Changes to the character test under the Migration Act, regional cooperation framework
Wednesday, 27 April 2011
Interview with Madonna King, ABC Brisbane
Madonna King: Will this solve the problem: is it too hard as the Greens say, is it too soft as the Opposition says? Chris Bowen is the Immigration Minister. Good morning minister.
Chris Bowen: Good morning Madonna, or is it just right?
King: Just briefly, how will this work?
Bowen: Well, what we've got is a situation, we have an existing character test of course, which says if you fail the character test the department or the minister can deny you a visa. Now, at the moment the long-standing law has been that the character test is triggered if you get a sentence of twelve months or more in relation to any conviction; or general character, but the courts have held general character to require some sort of series of events, rather than just a one-off event. Now, I think the circumstances in Christmas Island and Villawood have underlined the need for a different approach to say that if you are convicted of any offence during your time in immigration detention, that would trigger the character test.
King: And does that mean you get a visa that will be the beginning of your deportation?
Bowen: Well, it will be on a case-by-case basis. So there are things that we have at the moment called a bridging pending removal visa. There are people in the community on those as we speak, they're quite long-standing and they are issued generally to people who have character issues but for whatever reason can't be returned to the country of their citizenship. And there are also another type of visa called 'safe-haven' visas.
So what we would say to people who failed the character test is, 'You're not getting a permanent visa, if we can't return you to the country you've come from because you are a genuine refugee in fear of persecution, we will consider a temporary visa, they have very different conditions to a permanent visa', and then we will assess the situation. Now –
King: Why can't they just be deported if they burned down a building in Villawood?
Bowen: Well, we have international obligations and as a humanitarian country, we – regardless of that, we wouldn't return people to where they are likely to suffer severe persecution. Now, every case is different here Madonna, and I try to avoid generalisations while answering your questions.
So take for example some of the protesters at Villawood, they have been rejected as refugees, so the Department of Immigration, the Independent Merits Review does not regard them as genuine refugees, some of them have court cases pending. In those cases we would certainly take action to return them, either voluntarily or involuntarily to the country from whence they've come. When somebody is a genuine refugee, it's more complex. If they've committed an offence, we then have a case-by-case approach, which would certainly indicate that there is a significant disincentive for bad behaviour in detention.
King: And the rule of law would suggest that they must be found guilty in a general court of law before you make that decision to deport them, they must have a conviction?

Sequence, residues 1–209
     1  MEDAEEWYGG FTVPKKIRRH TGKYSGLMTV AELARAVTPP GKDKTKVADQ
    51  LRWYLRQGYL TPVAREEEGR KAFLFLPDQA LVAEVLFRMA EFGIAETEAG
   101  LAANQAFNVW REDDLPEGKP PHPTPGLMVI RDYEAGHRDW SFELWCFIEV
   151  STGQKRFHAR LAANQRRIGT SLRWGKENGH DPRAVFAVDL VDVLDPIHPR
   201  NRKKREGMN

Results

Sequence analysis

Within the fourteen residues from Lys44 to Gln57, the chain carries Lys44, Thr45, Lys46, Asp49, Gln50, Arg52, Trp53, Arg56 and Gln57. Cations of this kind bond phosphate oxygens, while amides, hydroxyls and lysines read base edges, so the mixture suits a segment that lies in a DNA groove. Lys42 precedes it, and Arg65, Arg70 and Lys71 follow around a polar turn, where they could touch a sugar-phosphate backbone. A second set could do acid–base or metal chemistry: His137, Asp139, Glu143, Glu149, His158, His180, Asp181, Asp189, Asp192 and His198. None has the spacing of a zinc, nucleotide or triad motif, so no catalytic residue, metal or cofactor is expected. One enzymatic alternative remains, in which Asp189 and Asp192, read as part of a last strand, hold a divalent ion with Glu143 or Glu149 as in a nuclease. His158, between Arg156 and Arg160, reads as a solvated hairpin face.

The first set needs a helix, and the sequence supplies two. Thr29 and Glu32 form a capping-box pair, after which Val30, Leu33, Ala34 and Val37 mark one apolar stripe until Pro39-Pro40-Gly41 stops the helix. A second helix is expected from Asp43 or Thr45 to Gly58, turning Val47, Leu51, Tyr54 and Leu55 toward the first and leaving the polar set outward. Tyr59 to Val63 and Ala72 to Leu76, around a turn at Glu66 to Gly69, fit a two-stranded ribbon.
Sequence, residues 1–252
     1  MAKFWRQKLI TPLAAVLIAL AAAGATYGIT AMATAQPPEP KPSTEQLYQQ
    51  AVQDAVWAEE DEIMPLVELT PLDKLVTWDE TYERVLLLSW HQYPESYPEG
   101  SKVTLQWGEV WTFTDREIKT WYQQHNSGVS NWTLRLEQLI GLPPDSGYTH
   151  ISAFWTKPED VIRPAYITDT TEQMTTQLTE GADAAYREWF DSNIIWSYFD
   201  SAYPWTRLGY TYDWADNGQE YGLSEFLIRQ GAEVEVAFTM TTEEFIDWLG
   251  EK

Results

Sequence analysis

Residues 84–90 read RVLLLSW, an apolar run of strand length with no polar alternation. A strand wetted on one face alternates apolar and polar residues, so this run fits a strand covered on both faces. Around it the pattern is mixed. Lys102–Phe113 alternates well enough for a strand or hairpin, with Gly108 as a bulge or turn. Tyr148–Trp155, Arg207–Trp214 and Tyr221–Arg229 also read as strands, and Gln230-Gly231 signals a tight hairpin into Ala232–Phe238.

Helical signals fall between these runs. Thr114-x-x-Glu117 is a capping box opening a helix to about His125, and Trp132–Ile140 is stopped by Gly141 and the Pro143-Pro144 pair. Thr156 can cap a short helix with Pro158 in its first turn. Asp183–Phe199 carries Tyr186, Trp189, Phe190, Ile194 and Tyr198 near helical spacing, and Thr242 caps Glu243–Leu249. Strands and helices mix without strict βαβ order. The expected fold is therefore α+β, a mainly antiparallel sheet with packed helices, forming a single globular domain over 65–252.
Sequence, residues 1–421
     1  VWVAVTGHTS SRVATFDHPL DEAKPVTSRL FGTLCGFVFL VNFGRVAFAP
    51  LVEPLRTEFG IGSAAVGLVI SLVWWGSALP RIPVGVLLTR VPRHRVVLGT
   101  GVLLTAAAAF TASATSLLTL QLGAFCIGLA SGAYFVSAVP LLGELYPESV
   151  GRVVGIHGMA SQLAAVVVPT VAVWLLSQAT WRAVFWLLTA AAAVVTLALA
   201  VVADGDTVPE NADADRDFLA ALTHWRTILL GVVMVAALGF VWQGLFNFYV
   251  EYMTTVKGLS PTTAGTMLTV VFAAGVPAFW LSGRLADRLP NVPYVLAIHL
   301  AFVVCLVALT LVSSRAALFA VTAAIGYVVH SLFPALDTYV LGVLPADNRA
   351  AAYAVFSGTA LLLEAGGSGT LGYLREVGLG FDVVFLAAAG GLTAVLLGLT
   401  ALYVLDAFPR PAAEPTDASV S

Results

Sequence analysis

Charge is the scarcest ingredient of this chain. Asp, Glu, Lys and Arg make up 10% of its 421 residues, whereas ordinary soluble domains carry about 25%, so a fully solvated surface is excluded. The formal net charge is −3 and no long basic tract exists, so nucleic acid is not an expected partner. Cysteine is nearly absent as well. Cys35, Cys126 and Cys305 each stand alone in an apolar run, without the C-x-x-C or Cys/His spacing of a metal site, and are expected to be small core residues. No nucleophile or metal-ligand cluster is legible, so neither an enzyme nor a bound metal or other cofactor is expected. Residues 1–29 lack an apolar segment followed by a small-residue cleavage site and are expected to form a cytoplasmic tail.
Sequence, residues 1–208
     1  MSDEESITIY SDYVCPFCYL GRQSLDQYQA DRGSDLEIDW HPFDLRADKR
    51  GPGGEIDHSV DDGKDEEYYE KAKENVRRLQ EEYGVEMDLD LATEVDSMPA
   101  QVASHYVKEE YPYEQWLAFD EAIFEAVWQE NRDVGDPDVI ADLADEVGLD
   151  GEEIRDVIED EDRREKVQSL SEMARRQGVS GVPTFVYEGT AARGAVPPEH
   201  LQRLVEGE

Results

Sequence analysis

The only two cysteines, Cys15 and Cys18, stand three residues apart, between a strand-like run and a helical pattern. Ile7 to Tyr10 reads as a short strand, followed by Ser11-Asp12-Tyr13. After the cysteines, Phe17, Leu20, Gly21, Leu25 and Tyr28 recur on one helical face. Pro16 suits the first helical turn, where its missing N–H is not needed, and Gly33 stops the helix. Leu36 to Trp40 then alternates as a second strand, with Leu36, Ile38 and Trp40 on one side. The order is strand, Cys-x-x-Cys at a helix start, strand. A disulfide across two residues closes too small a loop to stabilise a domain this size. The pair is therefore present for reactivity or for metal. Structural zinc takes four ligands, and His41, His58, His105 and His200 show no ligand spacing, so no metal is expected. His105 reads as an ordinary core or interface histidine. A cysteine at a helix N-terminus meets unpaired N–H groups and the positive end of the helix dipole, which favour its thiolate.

Bowen: Generally. So the changes I've announced yesterday say that any conviction for any offence while in immigration detention would automatically trigger the character test. There's still the general character grounds…
King: …Yes, I understand that. My point here is if they are given a temporary visa, given our court system couldn't they be as part of the Australian community for two years before they even face a court?
Bowen: Well certainly, as I say Madonna, each case would be different. Now if a case came to me as minister, said this person is a genuine refugee but they have a conviction or a court case pending, I would look at the instance and I would say well, in some instances I would issue a temporary visa, in some instances I might take a different approach. There's also other powers under the Act to deny people the right to apply for a protection visa if they've arrived offshore. So there are a range of powers that would be applied on a case-by-case basis.
King: Does this mean you as a minister, your in-tray's just going to fill and fill and you will have to make these decisions on whether someone is deported or what happens, what visa they get?
Bowen: I already make – the minister of the day already makes thousands of these decisions a year. Yes, there will be personal decisions for the minister to make here, but that's part of the role of being Immigration Minister.
King: The Opposition's saying that they should not get a visa and told to apply to another country.
Bowen: Well, the Opposition really has been at sixes and sevens on this. For days they've been saying people shouldn't get permanent visas, I agree with that if they've been convicted. Now they're saying they shouldn't even get temporary visas. They might want to outline whether they think people should be returned to countries that they're a genuine refugee from or which other countries are they proposing that they apply to a visa for?